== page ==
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The Circus Has Come to Town
Author: BobR    Date: 01/22/2020 13:58:26

The charade has begun. pResident tRump's impeachment trial got under way with the first step being to set the rules and boundaries of the process. Votes and arguments went along party lines, as expected. The key points of contention involved bringing in new witnesses to testify, as well as new evidence (e.g.: Lev Parnas data dump).

Ultimately, the rules were voted on and approved along party lines at 2:00 AM this morning. Surprisingly, there had been some pushback on McConnell by his own party members:
McConnell stunned senators and delayed the start of proceedings with his decision to back off some of his proposed rules. He made the adjustment after encountering resistance from Republicans during a closed-door lunch meeting. Senators worried about the political optics of “dark of night” sessions that could come from cramming the 24 hours of opening arguments from each side into just two days.

Collins and Sen. Lisa Murkowksi of Alaska, who often buck party leadership, along with a substantial number of other Republicans, wanted to make the changes, according to people familiar with the situation.

It was only when the clerk started reading the dry language of the resolution that the hand-written changes to extend debate to three days became apparent. It also allowed the House impeachment record to be included in the Senate.

Still - the changes were hardly anything for Dems to cheer about. McConnell had proposed 24 hrs for each side's opening arguments (prosecution and defense), conducted over 2 days each. That meant 12 hrs per day. Extending that over 3 days means 8 hrs per day, but it's still just 24 hrs.

One of the main reasons the Democrats want to have witnesses testify, is because several were prohibited from testifying by the White House during the impeachment hearings (which is also one of the reasons for the Obstruction of Congress charge). I haven't seen whether or not witnesses will be allowed, but if so, the original proposal was to depose them privately, then vote on whether to have them testify publicly. I think we all know how that will turn out.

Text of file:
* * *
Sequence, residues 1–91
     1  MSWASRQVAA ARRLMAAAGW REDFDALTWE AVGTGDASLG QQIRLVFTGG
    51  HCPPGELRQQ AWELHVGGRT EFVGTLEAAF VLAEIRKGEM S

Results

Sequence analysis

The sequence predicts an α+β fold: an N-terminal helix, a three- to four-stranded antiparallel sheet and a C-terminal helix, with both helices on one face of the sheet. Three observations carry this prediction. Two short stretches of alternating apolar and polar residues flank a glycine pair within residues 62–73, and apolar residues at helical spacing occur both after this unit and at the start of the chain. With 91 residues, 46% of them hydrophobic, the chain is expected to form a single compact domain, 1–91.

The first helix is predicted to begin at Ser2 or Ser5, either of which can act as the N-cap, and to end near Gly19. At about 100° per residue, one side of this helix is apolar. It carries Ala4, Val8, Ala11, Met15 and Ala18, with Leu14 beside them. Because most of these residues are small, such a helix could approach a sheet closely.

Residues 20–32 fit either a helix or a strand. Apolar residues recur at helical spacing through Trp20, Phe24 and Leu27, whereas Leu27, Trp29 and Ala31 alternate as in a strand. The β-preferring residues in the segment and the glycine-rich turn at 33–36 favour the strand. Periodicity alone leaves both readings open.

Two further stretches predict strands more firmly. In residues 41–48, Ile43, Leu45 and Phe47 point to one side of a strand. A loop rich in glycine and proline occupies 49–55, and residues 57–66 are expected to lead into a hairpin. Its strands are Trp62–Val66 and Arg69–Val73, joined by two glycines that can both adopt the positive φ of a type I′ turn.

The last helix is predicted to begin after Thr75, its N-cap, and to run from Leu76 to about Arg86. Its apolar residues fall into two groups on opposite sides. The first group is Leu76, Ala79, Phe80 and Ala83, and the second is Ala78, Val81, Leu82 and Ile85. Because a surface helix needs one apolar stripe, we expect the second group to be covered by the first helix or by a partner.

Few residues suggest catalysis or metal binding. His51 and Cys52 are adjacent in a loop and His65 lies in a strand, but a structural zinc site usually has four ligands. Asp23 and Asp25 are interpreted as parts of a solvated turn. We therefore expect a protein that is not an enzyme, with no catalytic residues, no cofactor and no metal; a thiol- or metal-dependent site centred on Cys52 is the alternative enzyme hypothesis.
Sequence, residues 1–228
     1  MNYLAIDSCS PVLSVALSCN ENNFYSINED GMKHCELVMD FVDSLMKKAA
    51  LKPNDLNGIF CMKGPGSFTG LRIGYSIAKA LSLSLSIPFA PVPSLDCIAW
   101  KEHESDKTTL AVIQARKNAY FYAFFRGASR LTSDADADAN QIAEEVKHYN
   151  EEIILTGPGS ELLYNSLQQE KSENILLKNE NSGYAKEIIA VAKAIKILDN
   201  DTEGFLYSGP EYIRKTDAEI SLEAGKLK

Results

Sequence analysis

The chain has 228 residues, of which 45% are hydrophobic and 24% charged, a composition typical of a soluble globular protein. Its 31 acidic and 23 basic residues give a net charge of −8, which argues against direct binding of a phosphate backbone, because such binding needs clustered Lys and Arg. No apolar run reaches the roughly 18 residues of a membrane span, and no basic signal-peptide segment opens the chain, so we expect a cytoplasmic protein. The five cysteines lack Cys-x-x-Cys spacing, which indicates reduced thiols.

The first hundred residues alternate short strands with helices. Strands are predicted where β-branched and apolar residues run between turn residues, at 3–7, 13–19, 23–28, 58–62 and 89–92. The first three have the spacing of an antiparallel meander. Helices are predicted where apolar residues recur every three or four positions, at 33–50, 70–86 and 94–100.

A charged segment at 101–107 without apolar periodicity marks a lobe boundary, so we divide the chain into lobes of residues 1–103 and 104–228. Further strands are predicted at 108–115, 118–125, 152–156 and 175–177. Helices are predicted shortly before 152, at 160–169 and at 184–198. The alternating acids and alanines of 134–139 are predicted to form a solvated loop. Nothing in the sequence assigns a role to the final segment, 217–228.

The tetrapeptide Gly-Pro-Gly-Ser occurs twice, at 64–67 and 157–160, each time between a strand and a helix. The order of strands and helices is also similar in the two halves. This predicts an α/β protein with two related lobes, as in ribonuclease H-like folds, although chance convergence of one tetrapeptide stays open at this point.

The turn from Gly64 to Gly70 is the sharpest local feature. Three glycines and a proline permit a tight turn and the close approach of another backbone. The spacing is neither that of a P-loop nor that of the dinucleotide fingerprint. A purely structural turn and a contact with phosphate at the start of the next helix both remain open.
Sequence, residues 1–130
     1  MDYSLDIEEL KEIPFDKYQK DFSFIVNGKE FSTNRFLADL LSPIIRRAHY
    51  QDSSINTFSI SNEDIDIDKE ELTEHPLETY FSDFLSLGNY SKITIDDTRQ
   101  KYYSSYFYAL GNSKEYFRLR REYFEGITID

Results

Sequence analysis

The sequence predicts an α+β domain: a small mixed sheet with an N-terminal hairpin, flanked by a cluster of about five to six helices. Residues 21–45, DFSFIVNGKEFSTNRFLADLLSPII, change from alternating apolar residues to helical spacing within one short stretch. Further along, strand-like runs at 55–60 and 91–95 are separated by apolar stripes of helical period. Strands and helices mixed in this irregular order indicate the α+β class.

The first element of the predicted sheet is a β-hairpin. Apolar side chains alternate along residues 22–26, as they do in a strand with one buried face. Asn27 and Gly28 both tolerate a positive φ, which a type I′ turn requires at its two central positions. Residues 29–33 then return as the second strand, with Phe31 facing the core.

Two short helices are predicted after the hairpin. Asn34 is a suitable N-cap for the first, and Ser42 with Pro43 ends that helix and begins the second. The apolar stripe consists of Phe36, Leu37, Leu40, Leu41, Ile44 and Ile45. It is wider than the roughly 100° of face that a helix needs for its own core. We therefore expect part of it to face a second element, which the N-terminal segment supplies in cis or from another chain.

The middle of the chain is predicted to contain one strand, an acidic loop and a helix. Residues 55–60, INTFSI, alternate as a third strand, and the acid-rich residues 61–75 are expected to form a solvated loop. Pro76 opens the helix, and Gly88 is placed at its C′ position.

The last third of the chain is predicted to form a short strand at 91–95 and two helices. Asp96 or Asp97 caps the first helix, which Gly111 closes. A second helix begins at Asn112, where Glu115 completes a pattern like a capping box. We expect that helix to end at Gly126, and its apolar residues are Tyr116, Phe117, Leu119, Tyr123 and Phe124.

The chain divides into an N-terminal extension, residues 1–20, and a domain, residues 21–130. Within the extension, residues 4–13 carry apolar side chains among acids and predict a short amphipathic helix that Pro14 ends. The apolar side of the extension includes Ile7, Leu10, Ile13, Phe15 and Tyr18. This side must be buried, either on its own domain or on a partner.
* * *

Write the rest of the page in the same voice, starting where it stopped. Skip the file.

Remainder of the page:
Imagine a "regular" criminal trial where the defense tried to argue that witnesses shouldn't be allowed to testify and/or evidence collected after an indictment was made would not be allowed in the court trial. It's crazy, but this is what they (the Republicans) are demanding.

Those worried (or hopeful) that Chief Justice Roberts would allow this to become more than the farce it already is probably got a bit of a shock when he admonished the senators, House prosecuters, and tRump's lawyers for their combative rhetoric:
Supreme Court Chief Justice John Roberts warned the attorneys for President Donald Trump and the House impeachment managers to watch their tone as the first day of the proceedings wound down.

Roberts told both sides to “remember that they are addressing the world’s greatest deliberative body”:
One reason it has earned that title is because its members avoid speaking in a manner and using language that is not conducive to civil discourse.
[...]

He noted that during the 1905 impeachment trial of federal judge Charles Swayne, a senator objected to the use of the word “pettifogging” (which means “worrying too much about details that are minor or not important,” per Merriam-Webster).

“I don’t think we need to aspire to that high a standard,” Roberts said. “But I do think those addressing the Senate should remember where they are.”

As of right now, 51% of Americans polled think tRump should be removed from office. One hopes that moderate Republican senators, and those from swing states are paying attention. Aiding and abetting tRump in his anti-constitutional behavior will look badly on their records during a campaign season.
 

4 comments (Latest Comment: 01/22/2020 16:41:59 by wickedpam)
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